A few year ago I had two articles published in editor Joe Laycock’s Spirit Possession around the World: Possession, Communion, and Demon Expulsion across Cultures (ABC-CLIO, 2015). One of these was a survey of possession and exorcism in the history of literature. The other was an article about the daimon.
When I submitted the latter of these, Joe got back to me with a request for significant revisions, the better to make the article fit harmoniously with the rest of the encyclopedia’s contents, and the better to make it align with his editorial vision of its place in the book.
As a result, the version that is now published in the encyclopedia is thoroughly different from what I originally wrote. The original version has never been published. And since I own the copyright on that version, I’m free to share it here with Teeming Brain readers. As those of you who have been here for awhile will immediately recognize, this is entirely appropriate, since the article lands right in the middle of several of this blog’s foundational interests, themes, and concerns.
Possession, Exorcism, and the Daimon
The word “daimon” has several possible meanings, but in relation to possession and exorcism it refers to a particular type of autonomous or autonomous-feeling force in the psyche that influences or, in some cases, dominates a person’s thoughts, actions, and feelings. It comes from ancient Greece and the ancient Hellenistic world, where it generally referred to a particular class of deity or spirit being, and where its basic meaning evolved over time to refer as much or more to an inner psychic or subjective force as to an objectively conceived entity. The concept of the daimon is one of the key components in the origin and evolution of the related concepts of the demon and demonic possession. Its adjectival form, daimonic, has been widely used in modern-day depth psychology to refer to a particular aspect of the psyche that lies outside a person’s conscious, voluntary control, and that is especially associated with creativity, anger, and other surging states of mind and emotion that can effectively swamp the conscious ego and result in violent outbursts of creation and destruction.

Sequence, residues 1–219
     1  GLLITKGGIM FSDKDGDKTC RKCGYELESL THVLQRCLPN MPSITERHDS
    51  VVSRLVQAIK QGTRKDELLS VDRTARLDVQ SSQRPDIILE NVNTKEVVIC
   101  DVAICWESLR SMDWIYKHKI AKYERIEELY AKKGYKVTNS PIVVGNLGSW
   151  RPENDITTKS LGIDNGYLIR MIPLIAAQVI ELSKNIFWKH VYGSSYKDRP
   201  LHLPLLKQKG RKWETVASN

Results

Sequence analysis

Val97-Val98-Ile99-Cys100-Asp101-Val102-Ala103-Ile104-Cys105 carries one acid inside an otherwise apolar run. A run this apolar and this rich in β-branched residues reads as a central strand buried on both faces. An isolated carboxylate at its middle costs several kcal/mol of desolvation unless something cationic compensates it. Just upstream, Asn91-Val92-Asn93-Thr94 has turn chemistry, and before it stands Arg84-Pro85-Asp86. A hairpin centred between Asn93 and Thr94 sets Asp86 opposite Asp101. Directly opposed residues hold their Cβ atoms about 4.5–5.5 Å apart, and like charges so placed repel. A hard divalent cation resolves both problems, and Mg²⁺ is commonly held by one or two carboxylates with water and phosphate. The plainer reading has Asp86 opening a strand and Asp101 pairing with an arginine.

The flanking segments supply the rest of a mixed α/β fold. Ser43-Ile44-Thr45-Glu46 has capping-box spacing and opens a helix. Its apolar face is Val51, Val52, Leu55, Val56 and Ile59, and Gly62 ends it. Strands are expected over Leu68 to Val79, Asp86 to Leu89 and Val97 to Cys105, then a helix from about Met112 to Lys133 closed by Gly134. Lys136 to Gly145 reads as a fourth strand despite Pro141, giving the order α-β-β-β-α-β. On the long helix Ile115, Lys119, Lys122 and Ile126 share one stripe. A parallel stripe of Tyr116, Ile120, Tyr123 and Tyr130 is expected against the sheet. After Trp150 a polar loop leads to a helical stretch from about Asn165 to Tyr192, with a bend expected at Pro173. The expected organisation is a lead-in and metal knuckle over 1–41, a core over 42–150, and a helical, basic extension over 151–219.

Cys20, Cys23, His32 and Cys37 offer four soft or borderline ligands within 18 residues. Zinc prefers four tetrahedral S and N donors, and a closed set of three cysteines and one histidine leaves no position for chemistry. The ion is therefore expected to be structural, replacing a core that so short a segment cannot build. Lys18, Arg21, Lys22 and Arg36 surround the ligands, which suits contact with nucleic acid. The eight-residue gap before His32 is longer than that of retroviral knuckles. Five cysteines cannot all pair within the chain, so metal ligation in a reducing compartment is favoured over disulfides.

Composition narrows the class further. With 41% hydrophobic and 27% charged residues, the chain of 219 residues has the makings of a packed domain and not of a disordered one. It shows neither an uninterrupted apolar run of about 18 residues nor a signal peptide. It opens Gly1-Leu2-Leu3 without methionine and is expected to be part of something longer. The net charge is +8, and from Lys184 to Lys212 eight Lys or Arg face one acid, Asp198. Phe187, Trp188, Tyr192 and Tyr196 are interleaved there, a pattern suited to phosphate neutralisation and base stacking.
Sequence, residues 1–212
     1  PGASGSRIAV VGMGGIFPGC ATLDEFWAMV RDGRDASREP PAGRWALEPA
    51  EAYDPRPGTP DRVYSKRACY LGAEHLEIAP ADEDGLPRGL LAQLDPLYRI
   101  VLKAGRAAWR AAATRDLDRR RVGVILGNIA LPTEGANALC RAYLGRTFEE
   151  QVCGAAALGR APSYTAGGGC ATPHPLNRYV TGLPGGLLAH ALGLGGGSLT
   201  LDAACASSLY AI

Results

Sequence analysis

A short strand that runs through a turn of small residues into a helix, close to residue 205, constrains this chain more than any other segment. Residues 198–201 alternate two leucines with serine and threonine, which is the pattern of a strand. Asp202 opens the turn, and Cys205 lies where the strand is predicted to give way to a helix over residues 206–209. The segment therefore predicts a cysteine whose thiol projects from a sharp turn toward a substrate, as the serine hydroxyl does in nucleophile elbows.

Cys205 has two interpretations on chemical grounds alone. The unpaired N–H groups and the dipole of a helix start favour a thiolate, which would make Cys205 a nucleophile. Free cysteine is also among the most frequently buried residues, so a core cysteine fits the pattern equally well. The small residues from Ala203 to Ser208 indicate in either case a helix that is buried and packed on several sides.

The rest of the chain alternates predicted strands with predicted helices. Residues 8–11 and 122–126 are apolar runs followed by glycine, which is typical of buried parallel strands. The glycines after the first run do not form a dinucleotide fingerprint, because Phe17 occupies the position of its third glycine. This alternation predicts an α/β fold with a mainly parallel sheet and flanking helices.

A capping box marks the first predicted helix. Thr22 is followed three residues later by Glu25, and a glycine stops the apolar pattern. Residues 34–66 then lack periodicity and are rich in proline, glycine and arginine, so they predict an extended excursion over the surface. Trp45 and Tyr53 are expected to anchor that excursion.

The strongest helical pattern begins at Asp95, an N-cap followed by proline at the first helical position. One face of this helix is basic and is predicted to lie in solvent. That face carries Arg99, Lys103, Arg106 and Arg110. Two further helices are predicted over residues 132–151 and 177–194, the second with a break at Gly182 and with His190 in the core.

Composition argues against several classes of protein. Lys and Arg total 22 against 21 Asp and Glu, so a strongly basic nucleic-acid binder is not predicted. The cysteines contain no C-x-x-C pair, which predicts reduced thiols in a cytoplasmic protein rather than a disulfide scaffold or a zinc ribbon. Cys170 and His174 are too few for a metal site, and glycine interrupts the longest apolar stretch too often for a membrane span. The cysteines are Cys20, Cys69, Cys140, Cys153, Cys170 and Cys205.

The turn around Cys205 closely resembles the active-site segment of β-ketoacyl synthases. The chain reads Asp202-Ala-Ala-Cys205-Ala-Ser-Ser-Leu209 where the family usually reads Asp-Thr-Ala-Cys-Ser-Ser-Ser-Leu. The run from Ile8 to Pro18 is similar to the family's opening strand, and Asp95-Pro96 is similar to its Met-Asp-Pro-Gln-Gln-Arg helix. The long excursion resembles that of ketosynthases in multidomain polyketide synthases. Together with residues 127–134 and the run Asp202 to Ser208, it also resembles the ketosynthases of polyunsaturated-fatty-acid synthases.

Among the ancient Greeks, the concept of the daimon led a dual existence as it progressed along two distinct but related strands. On the one hand, daimons were conceived in typically animistic terms as spirits that inhabited or haunted certain places, affected the weather and other natural occurrences, and so on. Some were associated with the spirits of the dead. On the other hand, a spiritualized or psychologized view placed the daimons in a position of deep intertwinement with human subjectivity. Essentially, the Greeks regarded daimons as objectively real presences that made themselves known through their influence upon and within the human psyche. The objective, animistic beliefs about them were thus matched and accompanied by a more subtle and psychologically oriented view that framed them as inner influences upon human thoughts and emotions, and even as the keepers and emblems of individual character and destiny. This second view gradually became dominant over time. Read the rest of this entry